eg development close to open space Green belt at the west Green belt at the south Leith regeneration Summary ■ major or significant proposals should be considered in the citywide context ■ proposals should protect and enhance the image of the city ■ proposals should not cause unsympathetic change 5 . between one landscape designation area and another. at a gateway. eg regeneration areas. in or close to Conservation Areas ■ in areas of strategic change. around villages.UrbanDesign Challenges and Opportunities in development sites Types of developments needing a particularly careful design approach at the strategic level are those which are : ■ located at or along the Green Belt edge. particularly new civic/ green spaces ■ ■ near or within a major area of transition between one kind of edge and another. along an arterial route or other major linear feature 1. transport interchanges etc capable of contributing significantly to the city’s public realm. concentrations of old industries and warehouses .1 Principles between a residential area and local centre. large institutions.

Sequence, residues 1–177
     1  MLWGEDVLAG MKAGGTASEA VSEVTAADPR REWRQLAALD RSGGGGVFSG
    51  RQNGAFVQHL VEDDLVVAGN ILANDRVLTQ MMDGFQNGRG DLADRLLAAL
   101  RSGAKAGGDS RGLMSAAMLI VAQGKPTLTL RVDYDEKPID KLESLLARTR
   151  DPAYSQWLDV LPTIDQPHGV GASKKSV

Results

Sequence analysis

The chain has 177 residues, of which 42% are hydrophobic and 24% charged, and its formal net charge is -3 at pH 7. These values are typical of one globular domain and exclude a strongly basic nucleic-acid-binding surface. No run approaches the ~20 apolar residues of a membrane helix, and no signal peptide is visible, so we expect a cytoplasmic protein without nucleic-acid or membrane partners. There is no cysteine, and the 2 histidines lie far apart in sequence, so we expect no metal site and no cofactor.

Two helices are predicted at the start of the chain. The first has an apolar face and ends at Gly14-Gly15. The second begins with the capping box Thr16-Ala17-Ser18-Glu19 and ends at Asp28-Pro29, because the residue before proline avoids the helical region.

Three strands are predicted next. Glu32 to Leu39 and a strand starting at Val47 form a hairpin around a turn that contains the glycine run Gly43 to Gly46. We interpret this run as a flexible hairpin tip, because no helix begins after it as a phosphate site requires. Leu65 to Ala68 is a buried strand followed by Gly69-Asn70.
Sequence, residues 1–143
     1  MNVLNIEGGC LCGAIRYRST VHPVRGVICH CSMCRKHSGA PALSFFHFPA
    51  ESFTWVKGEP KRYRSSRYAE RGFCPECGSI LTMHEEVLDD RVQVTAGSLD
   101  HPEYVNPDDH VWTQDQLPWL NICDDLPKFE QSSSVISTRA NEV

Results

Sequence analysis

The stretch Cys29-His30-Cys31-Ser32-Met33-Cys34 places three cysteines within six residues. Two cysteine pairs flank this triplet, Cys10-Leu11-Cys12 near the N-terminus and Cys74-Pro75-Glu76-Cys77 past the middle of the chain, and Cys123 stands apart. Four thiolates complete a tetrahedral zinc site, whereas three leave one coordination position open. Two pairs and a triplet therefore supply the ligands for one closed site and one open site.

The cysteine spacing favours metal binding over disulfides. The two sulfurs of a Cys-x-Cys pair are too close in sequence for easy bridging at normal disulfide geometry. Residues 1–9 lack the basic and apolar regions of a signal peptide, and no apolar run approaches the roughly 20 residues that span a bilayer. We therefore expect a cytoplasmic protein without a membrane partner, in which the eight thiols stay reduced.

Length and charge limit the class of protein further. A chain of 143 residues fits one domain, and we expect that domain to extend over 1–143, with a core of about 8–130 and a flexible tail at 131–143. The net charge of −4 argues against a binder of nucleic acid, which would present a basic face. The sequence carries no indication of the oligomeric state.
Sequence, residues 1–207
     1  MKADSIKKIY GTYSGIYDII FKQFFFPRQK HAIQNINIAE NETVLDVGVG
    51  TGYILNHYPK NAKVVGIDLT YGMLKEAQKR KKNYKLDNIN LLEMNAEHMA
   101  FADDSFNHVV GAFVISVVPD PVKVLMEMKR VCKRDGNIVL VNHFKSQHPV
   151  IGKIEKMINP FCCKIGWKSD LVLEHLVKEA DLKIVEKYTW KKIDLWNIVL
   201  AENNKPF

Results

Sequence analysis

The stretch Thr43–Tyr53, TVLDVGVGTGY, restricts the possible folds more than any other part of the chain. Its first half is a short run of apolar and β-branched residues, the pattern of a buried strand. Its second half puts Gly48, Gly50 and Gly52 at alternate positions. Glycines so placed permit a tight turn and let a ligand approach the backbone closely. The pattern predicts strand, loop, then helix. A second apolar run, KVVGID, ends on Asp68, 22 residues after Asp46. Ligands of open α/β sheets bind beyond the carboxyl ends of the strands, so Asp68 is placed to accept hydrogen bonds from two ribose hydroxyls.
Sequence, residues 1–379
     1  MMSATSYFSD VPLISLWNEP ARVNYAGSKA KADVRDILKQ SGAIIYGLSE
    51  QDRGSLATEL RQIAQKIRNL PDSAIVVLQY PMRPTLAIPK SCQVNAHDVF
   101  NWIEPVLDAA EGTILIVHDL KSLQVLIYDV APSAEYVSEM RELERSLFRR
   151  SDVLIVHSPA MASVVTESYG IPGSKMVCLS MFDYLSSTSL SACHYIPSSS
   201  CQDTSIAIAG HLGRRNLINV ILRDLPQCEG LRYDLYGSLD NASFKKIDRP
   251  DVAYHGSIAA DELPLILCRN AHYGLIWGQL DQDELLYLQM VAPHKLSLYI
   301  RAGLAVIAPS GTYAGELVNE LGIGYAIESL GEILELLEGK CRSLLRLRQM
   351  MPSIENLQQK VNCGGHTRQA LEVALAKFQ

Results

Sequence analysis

Some higher buildings. or those with large footprints. poorly articulated massing. urban grain. Edinburgh offers the finest views of any city in Britain. skyline and traditional urban patterns. and recognise distinctive urban zones. These are integral parts of the city’s structure and identity. hill environments and their surroundings Important design issues which need to be considered are: ■ scale (mass and height) appropriate to those prevailing in the wider area. such as the Castle and Arthur’s Seat.2 1 CITY-WIDE DIMENSION Development can adversely affect views of landmarks. skylines. layers of built form and backcloths. bland forms. urban and architectural character. Others are panoramic reaching Fife and beyond. and insensitively formed roof structures can have a harmful effect on these important amenities. the existing topography and urban grain location in the World Heritage Site.UrbanDesign CITY WIDE VIEWS AND CONTEXT 1. Principles 1. Some key structural features. Many are intimate.2 Protect and enhance views to and from established landmarks. urban and incidental. in Conservation Areas. history. or relation to other key city components visibility from any key or incidental viewpoints intrusion into views of the city’s main landmarks and silhouettes ■ ■ ■ 6 . Maintain strategic views from major access routes and public vantage points. are prominent not only from much of the city but from the countryside around. hills. Protecting and enhancing the skyline.